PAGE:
Nutritional Excesses in Horses

Casie

Hi! My name is Casie Bazay. I'm a mom, a freelance writer, and a certified equine acupressure practitioner.

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8 Responses

  1. Cara says:

    This is why testing all feed stuffs and a balanced diet is so important!

  2. This is great article for anyone who thinks “the more they give – the better”. Thanks for sharing your thoughts on a topic that can be confronting to some, it pays to ‘pause’ when you want to focus in too tightly on any one component of a diet. Really pleased I follow this blog!

  3. This is a good article and should be committed to the memory of horse owners/care givers everywhere. The major problem here is that most horses do not have access to adequate pasture. If you board your horse you must keep an eagle eye on the hay supply and insist/help the stable owner with hay testing. We live in a “dollar rules” world cost almost always trumps care. A secondary problem is the owner’s need to assuage guilt . The easiest way to do that is to load up on those persuasive supplements. Horses need to be allowed to be horses.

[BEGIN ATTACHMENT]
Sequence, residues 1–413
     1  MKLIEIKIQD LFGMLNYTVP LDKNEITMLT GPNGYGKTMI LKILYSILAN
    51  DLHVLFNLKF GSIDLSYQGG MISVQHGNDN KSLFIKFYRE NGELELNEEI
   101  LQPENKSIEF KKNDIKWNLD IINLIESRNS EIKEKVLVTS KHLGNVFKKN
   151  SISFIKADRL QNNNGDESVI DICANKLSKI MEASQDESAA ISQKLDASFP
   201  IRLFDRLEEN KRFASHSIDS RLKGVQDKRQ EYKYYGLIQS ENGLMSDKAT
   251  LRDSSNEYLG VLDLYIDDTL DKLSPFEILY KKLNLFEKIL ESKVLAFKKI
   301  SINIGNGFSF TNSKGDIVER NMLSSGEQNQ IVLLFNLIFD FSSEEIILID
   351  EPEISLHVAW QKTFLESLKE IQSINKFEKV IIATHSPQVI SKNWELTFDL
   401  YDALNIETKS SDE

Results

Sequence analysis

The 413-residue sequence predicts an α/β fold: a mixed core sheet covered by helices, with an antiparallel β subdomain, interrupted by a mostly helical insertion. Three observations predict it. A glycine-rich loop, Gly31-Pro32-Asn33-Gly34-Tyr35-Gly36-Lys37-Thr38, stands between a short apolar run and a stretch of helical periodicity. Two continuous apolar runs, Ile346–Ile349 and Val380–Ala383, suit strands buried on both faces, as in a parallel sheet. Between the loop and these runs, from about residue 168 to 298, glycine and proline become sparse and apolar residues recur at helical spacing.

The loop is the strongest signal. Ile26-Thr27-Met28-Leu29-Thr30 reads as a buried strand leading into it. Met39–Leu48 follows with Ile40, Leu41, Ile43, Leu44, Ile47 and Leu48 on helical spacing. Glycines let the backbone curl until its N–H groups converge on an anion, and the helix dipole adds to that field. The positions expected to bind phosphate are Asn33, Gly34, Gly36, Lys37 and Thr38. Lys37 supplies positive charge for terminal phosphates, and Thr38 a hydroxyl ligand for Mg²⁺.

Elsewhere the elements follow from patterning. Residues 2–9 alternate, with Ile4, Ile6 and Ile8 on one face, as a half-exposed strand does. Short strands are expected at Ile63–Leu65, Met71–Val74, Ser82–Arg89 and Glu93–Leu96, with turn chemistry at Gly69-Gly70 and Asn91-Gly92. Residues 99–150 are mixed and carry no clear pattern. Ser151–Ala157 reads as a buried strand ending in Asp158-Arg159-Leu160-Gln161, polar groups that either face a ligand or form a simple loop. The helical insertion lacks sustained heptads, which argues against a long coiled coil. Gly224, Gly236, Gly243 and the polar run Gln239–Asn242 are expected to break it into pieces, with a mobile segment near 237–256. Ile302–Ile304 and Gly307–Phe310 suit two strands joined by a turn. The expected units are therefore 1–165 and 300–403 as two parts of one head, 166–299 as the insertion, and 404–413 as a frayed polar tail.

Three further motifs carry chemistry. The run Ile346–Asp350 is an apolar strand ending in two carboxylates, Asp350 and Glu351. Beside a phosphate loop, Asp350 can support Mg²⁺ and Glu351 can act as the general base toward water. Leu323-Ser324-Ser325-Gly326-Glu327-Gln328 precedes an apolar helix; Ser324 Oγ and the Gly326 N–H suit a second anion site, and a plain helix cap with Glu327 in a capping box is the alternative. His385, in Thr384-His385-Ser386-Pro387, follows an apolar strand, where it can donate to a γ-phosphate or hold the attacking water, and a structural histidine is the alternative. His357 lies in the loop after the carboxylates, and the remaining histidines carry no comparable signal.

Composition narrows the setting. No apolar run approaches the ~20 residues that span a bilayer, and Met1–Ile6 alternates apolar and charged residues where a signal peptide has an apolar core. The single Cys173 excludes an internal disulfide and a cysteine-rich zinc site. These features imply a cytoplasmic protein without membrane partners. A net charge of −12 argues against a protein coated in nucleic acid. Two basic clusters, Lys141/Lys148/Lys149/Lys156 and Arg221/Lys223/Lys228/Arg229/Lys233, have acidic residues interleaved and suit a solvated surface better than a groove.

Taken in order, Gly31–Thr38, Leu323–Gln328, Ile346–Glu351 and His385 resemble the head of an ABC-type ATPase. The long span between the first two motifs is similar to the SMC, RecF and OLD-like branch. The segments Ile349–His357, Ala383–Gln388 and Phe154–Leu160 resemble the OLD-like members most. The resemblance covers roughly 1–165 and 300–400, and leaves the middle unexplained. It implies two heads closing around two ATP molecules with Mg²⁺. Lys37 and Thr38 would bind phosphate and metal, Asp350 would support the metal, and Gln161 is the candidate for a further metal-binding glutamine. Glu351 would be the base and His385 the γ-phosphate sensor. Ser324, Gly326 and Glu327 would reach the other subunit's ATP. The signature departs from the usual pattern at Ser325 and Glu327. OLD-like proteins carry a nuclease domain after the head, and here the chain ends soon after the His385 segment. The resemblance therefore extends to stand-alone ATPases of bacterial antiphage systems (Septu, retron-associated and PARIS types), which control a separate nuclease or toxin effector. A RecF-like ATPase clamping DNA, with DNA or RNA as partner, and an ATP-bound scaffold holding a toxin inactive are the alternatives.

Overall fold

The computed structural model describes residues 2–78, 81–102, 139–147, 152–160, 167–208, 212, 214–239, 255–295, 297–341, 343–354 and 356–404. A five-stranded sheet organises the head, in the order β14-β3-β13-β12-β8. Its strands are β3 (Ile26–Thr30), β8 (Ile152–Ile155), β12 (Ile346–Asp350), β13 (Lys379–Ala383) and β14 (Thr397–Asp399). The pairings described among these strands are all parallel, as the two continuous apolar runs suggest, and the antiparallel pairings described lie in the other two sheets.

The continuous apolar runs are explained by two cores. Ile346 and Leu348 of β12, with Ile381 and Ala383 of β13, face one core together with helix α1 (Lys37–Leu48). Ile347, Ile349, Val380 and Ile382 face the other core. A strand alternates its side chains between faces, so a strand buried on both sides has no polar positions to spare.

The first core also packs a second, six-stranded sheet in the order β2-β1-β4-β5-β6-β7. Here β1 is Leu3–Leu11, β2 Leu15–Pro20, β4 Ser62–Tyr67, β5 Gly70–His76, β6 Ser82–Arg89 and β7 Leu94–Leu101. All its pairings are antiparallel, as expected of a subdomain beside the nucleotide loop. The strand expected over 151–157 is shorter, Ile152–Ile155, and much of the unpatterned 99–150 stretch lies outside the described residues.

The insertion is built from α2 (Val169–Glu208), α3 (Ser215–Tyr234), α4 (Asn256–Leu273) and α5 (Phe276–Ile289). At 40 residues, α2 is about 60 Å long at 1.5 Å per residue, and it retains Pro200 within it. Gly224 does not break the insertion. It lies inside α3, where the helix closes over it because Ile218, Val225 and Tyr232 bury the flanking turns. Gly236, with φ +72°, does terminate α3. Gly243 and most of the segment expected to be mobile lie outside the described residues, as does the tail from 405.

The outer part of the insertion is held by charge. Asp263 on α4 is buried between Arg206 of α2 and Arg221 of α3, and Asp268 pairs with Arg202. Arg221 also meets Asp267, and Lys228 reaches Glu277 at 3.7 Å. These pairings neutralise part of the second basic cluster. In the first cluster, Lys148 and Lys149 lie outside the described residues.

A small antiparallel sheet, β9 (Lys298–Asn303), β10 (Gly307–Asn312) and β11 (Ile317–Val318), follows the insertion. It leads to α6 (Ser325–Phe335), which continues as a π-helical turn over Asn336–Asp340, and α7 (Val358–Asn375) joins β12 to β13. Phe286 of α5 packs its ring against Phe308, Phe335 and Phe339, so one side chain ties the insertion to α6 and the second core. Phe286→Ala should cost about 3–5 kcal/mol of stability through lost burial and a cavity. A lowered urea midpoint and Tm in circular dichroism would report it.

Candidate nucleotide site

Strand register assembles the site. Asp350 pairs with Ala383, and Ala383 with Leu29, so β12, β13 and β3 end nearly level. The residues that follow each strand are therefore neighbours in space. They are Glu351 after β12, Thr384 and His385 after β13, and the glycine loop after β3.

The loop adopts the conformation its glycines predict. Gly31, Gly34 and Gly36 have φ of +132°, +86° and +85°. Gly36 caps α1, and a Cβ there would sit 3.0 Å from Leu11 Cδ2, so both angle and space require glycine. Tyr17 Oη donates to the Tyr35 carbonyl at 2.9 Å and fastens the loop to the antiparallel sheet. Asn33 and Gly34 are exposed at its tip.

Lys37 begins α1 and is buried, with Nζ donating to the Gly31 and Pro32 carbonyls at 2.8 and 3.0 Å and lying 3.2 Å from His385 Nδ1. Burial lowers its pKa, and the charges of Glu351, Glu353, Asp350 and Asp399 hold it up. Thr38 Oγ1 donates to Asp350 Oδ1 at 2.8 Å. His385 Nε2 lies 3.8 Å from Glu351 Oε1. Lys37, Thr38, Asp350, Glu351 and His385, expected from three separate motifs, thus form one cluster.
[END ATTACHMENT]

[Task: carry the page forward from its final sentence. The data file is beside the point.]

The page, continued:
• then5925 says:

      Thank you, Virginia. I know hay testing is a pain sometimes and isn’t feasible for some, but people can always look at their regional analyses to get some idea of what their hay is like. Feeding added copper & zinc is almost always a good bet no matter what your forage is like though.

  4. Marie Racine says:

    How can one determine if our horse has a over load of iron. Is it by a blood test?

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